Later, as Gates argues, Jefferson took a harsher tone towards Wheatley and Black people, saying: "Misery is often the parent of the most affecting touches in poetry. Among the blacks is misery enough, God knows, but no poetry. Love is the peculiar oestrum of the poet. Their love is ardent, but it kindles the senses only, not the imagination. Religion, indeed, has produced a Phillis Weatley [sic]; but it could not produce a poet" (p. 44).
Having stated Jefferson's racist positions, Gates then gave another perspective on the Founding Father. He writes: "He [Jefferson] believed that Africans have human souls, they merely lack the intellectual endowments of other races. Like his contemporaries, he separated 'what we would call intelligence from the capacity for religious experience.' This division allows for both the religious conversion of slaves, as well as for the perpetuation of the principle of black inferiority. Guilt, as well as the growing evidence that blacks are indeed Homo Sapiens, meant that Africans could no longer be regarded as brutes. So Jefferson accepted the souls and humanity of slaves, while still maintaining their inferiority. Phillis is, for Jefferson, an example of a product of religion, of mindless repetition and imitation, without being the product of intellect, of reflection. True art requires a sublime combination of feeling and reflection" (p. 44).
Gates's argument that Jefferson's racism belied his guilt-ridden conscience about Black humanity is pertinent, because it sheds light on a major figure of American history whose views on race are fraught with contradictions. Reading the 1964 edition of Notes on the State of Virginia, one can see that Jefferson's dualism towards Blacks also stemmed from fear, since he was deeply convinced that the human beings he had enslaved would by virtue of their natural rights seek vengeance when opportunity arose. Because he was afraid of alliance between runaway slaves and the British army, Jefferson devised a code for the repatriation of slaves to Africa. He wrote: "[The] revised code further proposes to proportion crimes and punishments ... pardon and privilege of clergy are proposed to be abolished; but if the verdict be against the defendant, the court in their discretion may allow a new trial. No attainder to cause a corruption of blood, or forfeiture of dower. Slaves guilty of offences punishable in others by labor, to be transported to Africa, or elsewhere, as the circumstances of the time admit, there to be continued in slavery. A rigorous regiment proposed for those condemned to labor."
As the above statement shows, Jefferson's views on African-Americans did then have a transatlantic dimension, since it anticipated the idea of return to Africa, which, from a non-racist perspective, was popular among nineteenth-century Black nationalists such as Martin Robinson Delany and Alexander Crummel. It would have been good for Gates to place Jefferson's racism and Wheatley's resistance in the crucial discourses about the connections between race and Africa in which African-American intellectuals have participated since slavery. In fact, Gates had the opportunity to do so in his analysis of Wheatley's 1768 poem "On Being Brought from Africa to America." The poem, which is quoted in Gates's book, reads:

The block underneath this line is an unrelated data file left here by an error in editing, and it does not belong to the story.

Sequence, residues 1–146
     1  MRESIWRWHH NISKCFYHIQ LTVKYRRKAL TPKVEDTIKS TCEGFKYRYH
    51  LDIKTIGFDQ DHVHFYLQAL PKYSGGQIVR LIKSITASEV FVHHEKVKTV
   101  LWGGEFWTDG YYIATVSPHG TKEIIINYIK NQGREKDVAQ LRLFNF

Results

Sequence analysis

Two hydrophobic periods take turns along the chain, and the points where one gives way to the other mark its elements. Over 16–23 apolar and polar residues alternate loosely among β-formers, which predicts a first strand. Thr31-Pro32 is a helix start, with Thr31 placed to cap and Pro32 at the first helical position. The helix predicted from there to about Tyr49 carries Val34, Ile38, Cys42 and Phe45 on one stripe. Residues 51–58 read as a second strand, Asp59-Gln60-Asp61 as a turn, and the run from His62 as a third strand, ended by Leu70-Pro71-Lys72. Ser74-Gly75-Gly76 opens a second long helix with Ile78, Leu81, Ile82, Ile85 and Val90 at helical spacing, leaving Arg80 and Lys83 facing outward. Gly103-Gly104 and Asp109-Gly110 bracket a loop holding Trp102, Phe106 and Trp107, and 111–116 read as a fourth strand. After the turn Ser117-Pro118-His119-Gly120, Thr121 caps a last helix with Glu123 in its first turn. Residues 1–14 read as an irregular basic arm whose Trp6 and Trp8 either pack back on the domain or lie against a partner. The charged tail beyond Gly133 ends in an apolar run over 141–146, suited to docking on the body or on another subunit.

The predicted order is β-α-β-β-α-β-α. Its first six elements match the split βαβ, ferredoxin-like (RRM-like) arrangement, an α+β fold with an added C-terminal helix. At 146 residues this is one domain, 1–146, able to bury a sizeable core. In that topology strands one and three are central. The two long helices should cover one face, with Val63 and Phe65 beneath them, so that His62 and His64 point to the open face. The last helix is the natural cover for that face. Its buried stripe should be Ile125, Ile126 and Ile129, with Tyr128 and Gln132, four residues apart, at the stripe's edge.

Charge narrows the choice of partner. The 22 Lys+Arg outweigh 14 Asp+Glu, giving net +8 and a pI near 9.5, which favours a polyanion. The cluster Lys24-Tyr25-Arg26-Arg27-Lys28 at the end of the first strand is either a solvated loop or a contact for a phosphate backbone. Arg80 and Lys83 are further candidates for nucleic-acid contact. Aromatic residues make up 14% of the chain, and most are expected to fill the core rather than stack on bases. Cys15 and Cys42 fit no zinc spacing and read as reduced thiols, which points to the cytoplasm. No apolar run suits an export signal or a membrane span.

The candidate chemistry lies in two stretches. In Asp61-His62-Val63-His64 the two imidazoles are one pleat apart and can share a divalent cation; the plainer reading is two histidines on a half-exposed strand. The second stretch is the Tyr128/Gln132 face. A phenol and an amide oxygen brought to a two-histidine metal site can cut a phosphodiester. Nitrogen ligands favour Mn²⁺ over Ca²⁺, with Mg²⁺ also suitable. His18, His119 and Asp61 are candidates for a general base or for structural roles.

'Twas mercy brought me from my Pagan land, Taught my benighted soul to understand That there's a God, that there is a Saviour too: Once I redemption neither sought nor knew. Some view our sable race with scornful eye, "Their colour is a diabolic die," Remember, Christians, Negros, black as Cain, May be refin'd, and join th' angelic train. (pp. 70-71)
In this poem Wheatley ambiguously calls Africa "my Pagan land" while she celebrates her Blackness and her Christian faith. As Gates shows, "On Being Brought" has unfortunately become "the most reviled poem in African-American literature" for the following reasons: "To speak in such glowing terms about the 'mercy' manifested by the slave trade was not exactly going to endear Miss Wheatley to black power advocates in the 1960s" (p. 71). Gates's rationale weakens the importance of "On Being Brought" because the poem, which is fraught with contradictions in Wheatley's relationship to Africa, can help us understand the poet's views on the relations between the Black Atlantic world and Africa. In this sense, the criticisms of Wheatley's attitudes about race, which Gates summarizes and debunks in the second half of his book, are not meaningless, because they help us position a major Black intellectual in the current conversation about the global significance of racial identity and social struggle. Frankly, one wonders why Gates seems to be irritated by twentieth-century Black critics such as Stephen Henderson, Addison Gayle, Jr., and Amiri Baraka, who he attacks for either re-enacting Jefferson's indictment of Wheatley (p. 82) or for seeking "forms of black expression" or "cultural affirmation" in Wheatley's work (pp. 74-84). Gates writes: "Too black to be taken seriously by white critics of the eighteenth century, Wheatley was now considered too white to interest black critics of the twentieth. Precisely the sort of mastery of the literary craft and themes that led to her vindication before the Boston town-hall tribunal was now summoned as proof that she was, culturally, an impostor.... As new cultural vanguards sought to police and patrol the boundaries of black art, Wheatley's glorious carriage would become her tumbril" (p. 82).